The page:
When RedHat is going to understand that WE NEED to ENLARGE EXT3 FILESYSTEM WHILE THEY ARE MOUNTED ?
Ok so you can resize if the partition isnt mounted....how?
 
Old 11-12-2004, 01:08 PM   #8
jadupl2
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Here how to expand a filesystem (logical volume) ext3 if it was created in a volume group using LVM

# lvextend -L+1G /dev/myvg/homevol
lvextend -- extending logical volume "/dev/myvg/homevol" to 13 GB
lvextend -- doing automatic backup of volume group "myvg"
lvextend -- logical volume "/dev/myvg/homevol" successfully extended

# umount /dev/myvg/homevol/dev/myvg/homevol
# resize2fs /dev/myvg/homevol
# mount /dev/myvg/homevol /home

Here you go !
 
Old 04-24-2005, 03:32 PM   #9
donv2
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Newbie assistance... not just larger but adding another?

Hi, I have a similar situation to that above, except I'd like to take a new 120GB disk that has a ~3GB FC3 install on it (transferred from an old disk using g4u) currently showing as:

Code:
[root@localhost ~]# df -k
Filesystem           1K-blocks      Used Available Use% Mounted on
/dev/mapper/VolGroup00-LogVol00
                       3193084   2929852    101032  97% /
/dev/hda1                97570     15494     77038  17% /boot
none                    127972         0    127972   0% /dev/shm
[root@localhost ~]#
Code:
[root@localhost ~]# fdisk -l

Disk /dev/hda: 120.0 GB, 120034123776 bytes
128 heads, 63 sectors/track, 29072 cylinders
Units = cylinders of 8064 * 512 = 4128768 bytes

   Device Boot      Start         End      Blocks   Id  System
/dev/hda1   *           1          25      100768+  83  Linux
/dev/hda2              26         969     3806208   8e  Linux LVM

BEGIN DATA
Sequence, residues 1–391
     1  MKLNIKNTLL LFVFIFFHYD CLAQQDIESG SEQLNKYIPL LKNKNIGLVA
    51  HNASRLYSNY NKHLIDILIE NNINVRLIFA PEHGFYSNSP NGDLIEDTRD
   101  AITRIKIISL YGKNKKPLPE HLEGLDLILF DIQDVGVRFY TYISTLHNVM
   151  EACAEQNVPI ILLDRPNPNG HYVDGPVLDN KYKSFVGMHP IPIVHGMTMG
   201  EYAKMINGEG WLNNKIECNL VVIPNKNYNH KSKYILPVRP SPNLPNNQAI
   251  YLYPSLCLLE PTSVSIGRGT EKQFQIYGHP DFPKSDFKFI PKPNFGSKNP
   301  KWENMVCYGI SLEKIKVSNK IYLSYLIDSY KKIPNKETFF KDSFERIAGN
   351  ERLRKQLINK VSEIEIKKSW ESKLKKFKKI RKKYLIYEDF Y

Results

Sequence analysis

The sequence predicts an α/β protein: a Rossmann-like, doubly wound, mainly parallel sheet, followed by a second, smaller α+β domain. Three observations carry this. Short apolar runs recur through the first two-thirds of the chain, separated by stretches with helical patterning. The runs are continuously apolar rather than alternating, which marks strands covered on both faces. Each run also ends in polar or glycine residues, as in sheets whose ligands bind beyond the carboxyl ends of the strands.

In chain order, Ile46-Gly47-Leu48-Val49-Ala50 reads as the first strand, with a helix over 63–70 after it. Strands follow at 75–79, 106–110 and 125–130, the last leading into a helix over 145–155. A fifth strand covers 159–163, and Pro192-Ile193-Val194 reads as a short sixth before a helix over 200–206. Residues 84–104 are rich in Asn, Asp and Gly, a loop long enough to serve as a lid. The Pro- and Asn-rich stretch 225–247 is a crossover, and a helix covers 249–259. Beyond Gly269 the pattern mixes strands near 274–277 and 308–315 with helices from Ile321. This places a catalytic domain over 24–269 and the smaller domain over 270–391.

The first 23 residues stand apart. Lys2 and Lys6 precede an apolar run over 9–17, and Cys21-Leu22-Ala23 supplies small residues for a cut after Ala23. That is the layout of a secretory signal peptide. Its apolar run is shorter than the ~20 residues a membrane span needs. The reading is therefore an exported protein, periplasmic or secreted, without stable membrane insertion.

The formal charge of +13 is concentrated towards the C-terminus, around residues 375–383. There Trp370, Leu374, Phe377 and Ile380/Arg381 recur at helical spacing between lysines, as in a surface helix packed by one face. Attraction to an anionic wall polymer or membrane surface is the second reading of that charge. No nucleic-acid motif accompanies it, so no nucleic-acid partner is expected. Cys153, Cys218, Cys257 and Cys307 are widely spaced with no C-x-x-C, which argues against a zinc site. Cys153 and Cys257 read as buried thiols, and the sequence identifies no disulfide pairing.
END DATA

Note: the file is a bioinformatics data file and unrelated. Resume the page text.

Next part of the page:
[root@localhost ~]#
<URL to image of HW Browser was here, now removed from post>

and expand it so that it will have 2 ~55 GB areas (partitions? vol groups?).
The first of these would be for normal use by the users/system and the
second would be to store periodic 'backups' of the first using 'partimage' or similar.

OK, what I see from df -k seems to be different than what I see if I use 'fdisk -l' or the HW browser. I understand that LVMs are groups of partitions. Is this essentially saying that there is an hda2 partition and that is solely what the LVM (same thing as /dev/mapper/VolGroup00-LogVol00 ?) contains?

If so, how do I expand the hda2 partition and add the similarly sized hda3 for backups within the current structure, so that the end result uses effectively the whole disk?

BTW, is '/dev/myvg/homevol' in the example commands above equal to '/dev/mapper/VolGroup00-LogVol00' in my situation?

Thanks,
Don

Last edited by donv2; 08-15-2005 at 11:31 PM.
 
Old 04-28-2005, 04:37 AM   #10
Raymond Day
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Here is mine
Code:
[root@Small ~]# fdisk -l

Disk /dev/hda: 320.0 GB, 320072933376 bytes
255 heads, 63 sectors/track, 38913 cylinders
Units = cylinders of 16065 * 512 = 8225280 bytes

   Device Boot      Start         End      Blocks   Id  System